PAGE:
ON July 31, Immigration, Refugees and Citizenship Canada (IRCC) began using an improved method to estimate processing times for some new permanent residence applications. The processing times are projected, and tell applicants how long IRCC expects most applications to take under normal circumstances if submitted today.
With this change in effect, IRCC says it is able to better estimate how long some new permanent residence applications will take based on several factors, including the number of current applications waiting to be processed and the volume of admissions allowed each year under the multi-year immigration levels plan.
IRCC claims that over the past few years it has made significant progress in reducing processing times and inventories across many permanent resident categories, all the while meeting the ever-increasing demand for visitor visas, and work and study permits. This client service improvement was made possible by the multi-year increase in immigration levels which allowed for advance planning, along with implementing intake controls in some categories and using innovative new processes in IRCC offices in Canada and abroad.
Previously, all permanent residence application processing times were only historical and showed how long it took to process 80% of applications in the past year. While these historical times are accurate for most applications that are currently being processed, the IRCC anticipates that the new method for projecting processing times will provide more accurate estimates for clients.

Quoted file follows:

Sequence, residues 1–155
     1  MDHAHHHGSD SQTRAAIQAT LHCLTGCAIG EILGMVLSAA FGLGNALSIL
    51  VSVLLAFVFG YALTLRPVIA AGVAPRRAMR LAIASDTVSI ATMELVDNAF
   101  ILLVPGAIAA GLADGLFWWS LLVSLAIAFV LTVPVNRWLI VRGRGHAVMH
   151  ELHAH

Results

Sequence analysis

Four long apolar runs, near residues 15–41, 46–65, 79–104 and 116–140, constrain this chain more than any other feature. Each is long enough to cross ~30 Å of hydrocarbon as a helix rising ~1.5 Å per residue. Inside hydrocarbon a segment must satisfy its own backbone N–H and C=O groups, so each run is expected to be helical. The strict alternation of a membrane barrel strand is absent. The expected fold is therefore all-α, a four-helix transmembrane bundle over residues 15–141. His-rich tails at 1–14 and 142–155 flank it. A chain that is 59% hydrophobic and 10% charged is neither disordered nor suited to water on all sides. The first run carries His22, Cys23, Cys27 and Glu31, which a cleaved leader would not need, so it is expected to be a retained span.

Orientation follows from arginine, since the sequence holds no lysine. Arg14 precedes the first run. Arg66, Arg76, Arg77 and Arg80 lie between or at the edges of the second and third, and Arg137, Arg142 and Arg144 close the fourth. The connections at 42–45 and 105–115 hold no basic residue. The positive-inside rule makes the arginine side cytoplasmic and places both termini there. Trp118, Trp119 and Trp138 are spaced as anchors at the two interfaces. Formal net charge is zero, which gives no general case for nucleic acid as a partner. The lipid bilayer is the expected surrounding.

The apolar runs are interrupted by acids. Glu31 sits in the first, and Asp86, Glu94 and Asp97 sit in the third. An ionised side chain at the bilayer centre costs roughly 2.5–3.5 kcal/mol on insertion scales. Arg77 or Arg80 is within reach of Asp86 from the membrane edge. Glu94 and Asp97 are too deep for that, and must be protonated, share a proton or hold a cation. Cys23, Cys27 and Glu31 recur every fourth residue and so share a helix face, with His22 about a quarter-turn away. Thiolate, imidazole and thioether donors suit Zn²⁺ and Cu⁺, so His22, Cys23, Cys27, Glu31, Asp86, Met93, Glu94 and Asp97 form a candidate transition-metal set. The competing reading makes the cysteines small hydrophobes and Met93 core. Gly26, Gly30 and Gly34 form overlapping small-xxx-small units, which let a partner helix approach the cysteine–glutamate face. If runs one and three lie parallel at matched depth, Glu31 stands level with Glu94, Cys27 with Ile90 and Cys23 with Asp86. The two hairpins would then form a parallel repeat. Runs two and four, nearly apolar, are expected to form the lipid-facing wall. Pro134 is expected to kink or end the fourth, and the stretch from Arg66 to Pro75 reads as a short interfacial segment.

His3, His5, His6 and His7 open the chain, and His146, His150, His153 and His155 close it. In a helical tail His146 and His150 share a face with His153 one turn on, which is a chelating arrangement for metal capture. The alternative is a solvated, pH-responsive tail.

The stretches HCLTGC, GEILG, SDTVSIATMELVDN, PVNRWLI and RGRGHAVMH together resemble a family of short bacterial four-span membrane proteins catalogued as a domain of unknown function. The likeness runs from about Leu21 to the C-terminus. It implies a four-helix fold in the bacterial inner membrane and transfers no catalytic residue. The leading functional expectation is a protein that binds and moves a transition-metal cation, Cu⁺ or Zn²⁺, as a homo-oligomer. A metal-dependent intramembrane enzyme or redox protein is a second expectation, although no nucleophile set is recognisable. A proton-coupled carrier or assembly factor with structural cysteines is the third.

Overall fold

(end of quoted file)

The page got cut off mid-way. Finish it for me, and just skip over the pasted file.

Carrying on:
“Improving the service experience of IRCC clients has been a significant point of focus for my department in recent years. This update is an important one to ensure our immigration processing times are as accurate as possible and to help clients better prepare to move to Canada if their application is approved,” said Ahmed Hussen, Minister of Immigration, Refugees and Citizenship, on Thursday.
· The new projected processing times will apply to applications received on or after July 31, 2018, in these business lines:
– Sponsoring a family member
* Parents and Grandparents
– Economic Class
* Provincial Nominees (Non-Express Entry)
* Skilled Workers (Quebec)
* Start-Up Visa
– Humanitarian and compassionate cases
· It should be noted that for clients who have already applied, withdrawing an application and re-applying will not result in faster processing times:
– Any application processing already complete would become null and void and clients would have to submit a new application.
– For some types of applications, such as Express Entry and Parents and Grandparents, a client who withdraws their application runs the risk of not receiving a subsequent invitation to apply or invitation to sponsor.